Two British organisations that represent artists and their estates have launched a legal action in the High Court against the multi-millionaire art dealer and collector Ivor Braka and his company, Ivor Braka Ltd, in a bid to uncover whether he owes unpaid royalties dating back to 2006 when the Artist Resale Right was first introduced in the UK.
The Artists’ Collecting Society (ACS) and the Design and Artists Copyright Society (DACS)—the two non-profit bodies responsible for collecting Artist’s Resale Right royalties—say they have repeatedly asked Braka to disclose information on sales on which royalties are due. According to those organisations, Braka has refused to respond, potentially breaching his legal obligation to provide details of secondary market transactions. The value of allegedly unpaid royalties is unknown at this stage.
Braka tells The Art Newspaper the claims made in the High Court are “about me in my personal capacity as a collector—I don’t deal in my personal capacity”. He adds: “As an individual, I have never been asked for secondary market dealings post 2006. And I’ve never responded. There’s no case to answer.” As for his company, Braka says he has “no comment”.
Meanwhile, in legal papers filed to both Braka and his company in a lower court during the earlier stages of the dispute, Braka stated he intended to contest the claim. According to those papers, Braka says that DACS and ACS’s claim “involves substantial disputes of fact” including “whether all of the claimants’ requests for information were sent and validly made to each of the defendants under reg.15 of the Artist’s Resale Rights Regulations”. Regulation 15 states that requests for information to support resale rights must be made within three years of the sale in question.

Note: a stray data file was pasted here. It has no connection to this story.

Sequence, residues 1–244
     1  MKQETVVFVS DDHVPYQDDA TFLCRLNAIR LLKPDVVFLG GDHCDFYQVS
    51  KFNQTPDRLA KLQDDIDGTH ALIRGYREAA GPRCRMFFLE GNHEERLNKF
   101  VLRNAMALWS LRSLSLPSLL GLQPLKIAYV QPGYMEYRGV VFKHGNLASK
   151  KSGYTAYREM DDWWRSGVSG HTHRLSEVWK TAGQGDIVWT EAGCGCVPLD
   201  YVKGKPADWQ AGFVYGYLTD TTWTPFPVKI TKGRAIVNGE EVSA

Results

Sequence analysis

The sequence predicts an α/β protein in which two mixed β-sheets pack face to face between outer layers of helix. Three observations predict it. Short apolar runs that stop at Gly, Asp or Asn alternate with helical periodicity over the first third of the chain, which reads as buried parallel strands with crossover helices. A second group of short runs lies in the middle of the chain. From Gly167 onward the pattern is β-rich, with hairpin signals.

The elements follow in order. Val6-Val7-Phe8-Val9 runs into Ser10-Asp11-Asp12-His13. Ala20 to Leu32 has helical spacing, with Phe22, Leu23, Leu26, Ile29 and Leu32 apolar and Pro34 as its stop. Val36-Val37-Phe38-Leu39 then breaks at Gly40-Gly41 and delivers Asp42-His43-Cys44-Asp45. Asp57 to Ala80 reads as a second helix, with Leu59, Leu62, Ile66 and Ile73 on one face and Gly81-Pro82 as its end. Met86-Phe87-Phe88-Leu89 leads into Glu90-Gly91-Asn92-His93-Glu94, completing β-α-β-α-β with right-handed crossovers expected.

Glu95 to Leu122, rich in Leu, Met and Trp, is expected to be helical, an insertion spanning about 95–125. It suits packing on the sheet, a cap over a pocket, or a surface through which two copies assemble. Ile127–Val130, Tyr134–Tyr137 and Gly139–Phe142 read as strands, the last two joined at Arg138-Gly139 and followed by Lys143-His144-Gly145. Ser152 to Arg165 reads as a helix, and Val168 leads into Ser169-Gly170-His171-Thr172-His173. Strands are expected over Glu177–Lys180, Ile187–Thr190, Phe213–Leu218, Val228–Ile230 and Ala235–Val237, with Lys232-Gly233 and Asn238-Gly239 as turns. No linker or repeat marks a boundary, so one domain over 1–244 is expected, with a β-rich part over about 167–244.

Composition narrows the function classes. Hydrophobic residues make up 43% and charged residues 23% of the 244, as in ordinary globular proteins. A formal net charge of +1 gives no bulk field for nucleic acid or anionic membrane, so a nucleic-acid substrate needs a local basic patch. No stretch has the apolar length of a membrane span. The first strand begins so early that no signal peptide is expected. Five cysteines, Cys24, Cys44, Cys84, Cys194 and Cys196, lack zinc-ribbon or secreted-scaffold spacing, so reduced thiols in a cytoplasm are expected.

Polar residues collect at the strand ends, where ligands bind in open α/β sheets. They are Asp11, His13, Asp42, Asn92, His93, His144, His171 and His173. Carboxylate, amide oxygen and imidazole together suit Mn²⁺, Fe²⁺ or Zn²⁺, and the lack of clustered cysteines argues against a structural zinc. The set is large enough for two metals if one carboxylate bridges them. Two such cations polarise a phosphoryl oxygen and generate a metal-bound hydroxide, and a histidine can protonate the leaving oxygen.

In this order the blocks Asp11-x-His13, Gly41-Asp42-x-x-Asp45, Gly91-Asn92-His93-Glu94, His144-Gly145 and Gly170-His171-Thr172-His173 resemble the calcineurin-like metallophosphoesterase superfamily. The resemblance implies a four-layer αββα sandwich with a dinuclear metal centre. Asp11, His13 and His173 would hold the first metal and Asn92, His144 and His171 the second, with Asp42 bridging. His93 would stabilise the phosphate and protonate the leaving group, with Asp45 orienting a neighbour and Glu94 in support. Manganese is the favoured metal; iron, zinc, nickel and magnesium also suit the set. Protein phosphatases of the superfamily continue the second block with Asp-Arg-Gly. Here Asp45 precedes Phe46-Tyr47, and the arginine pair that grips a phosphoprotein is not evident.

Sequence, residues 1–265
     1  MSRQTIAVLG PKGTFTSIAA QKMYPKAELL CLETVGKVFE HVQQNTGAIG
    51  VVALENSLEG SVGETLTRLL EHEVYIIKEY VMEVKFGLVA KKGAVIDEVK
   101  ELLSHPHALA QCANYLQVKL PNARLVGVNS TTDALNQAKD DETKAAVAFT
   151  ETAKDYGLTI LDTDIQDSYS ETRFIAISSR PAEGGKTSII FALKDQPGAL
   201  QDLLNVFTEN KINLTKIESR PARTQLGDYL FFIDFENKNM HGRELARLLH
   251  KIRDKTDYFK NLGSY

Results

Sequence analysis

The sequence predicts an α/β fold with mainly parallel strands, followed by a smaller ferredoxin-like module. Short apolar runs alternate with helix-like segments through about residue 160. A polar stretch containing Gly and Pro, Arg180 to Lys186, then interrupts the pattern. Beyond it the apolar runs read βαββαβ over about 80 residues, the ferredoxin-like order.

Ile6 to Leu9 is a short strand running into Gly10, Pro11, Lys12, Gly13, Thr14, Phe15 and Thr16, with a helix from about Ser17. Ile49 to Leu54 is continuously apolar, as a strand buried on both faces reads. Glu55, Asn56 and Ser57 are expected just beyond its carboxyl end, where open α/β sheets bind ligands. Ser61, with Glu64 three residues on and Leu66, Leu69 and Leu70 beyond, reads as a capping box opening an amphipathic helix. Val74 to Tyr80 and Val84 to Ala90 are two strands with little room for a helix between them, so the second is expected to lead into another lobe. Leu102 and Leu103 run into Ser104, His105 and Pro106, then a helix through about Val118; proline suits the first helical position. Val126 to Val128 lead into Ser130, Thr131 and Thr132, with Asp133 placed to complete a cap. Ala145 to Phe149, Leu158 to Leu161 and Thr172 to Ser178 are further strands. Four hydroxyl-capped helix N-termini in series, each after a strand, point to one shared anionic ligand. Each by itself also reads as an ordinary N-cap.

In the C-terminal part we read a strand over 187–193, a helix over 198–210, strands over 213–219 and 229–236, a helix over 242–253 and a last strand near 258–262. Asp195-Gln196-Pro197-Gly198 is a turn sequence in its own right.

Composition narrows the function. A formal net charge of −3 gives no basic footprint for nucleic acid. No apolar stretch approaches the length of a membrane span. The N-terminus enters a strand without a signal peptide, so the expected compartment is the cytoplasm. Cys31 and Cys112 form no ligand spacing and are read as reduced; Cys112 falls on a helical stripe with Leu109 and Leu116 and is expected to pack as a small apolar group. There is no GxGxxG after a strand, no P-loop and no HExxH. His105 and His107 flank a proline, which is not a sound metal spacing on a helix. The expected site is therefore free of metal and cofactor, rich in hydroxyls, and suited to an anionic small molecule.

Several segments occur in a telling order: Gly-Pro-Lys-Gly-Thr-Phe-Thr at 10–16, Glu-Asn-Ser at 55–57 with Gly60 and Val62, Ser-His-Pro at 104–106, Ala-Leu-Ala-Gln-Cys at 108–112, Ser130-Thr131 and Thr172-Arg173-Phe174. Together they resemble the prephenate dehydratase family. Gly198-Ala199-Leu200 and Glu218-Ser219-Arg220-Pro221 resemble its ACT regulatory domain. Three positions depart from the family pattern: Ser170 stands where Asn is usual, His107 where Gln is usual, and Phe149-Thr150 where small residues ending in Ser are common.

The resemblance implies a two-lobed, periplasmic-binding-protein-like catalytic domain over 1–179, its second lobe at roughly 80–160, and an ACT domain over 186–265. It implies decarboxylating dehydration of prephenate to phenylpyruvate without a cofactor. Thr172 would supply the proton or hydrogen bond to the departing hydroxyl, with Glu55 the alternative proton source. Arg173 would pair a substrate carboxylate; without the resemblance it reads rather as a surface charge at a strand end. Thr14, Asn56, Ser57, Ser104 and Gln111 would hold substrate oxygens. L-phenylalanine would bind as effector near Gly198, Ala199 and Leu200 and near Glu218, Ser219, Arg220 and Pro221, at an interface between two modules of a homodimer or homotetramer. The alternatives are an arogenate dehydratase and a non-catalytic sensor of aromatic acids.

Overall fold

It is the first time such proceedings have been brought in the UK, where artists are entitled to a small payment on the secondary sale of their works through galleries, dealers and auction houses. Royalties are payable on a sliding scale and capped at €12,500 for works valued at more than €500,000.
In a statement, Gilane Tawadros, the chief executive of DACS, says “the majority of the art market” complies with resale regulations, but “a few do not”. This gives them “an unfair advantage against their fellow art dealers and denies artists and creatives income that is desperately needed, especially after the Covid-19 pandemic”.
She adds: “We hope that the proceedings will encourage compliance with the regulations, supporting artists and helping to balance the inequality of wealth in the art market.”
Tim Maxwell, a partner at Charles Russell Speechlys, says: “The concept of a royalty is accepted practice in other intellectual property fields such as film, music and literature so it is disappointing that some take the view that this royalty should not be paid, preventing the grass roots of the industry being supported in this way. We are hopeful that this claim will act as a catalyst to allow artists to receive increased revenue during and after this most challenging of times.”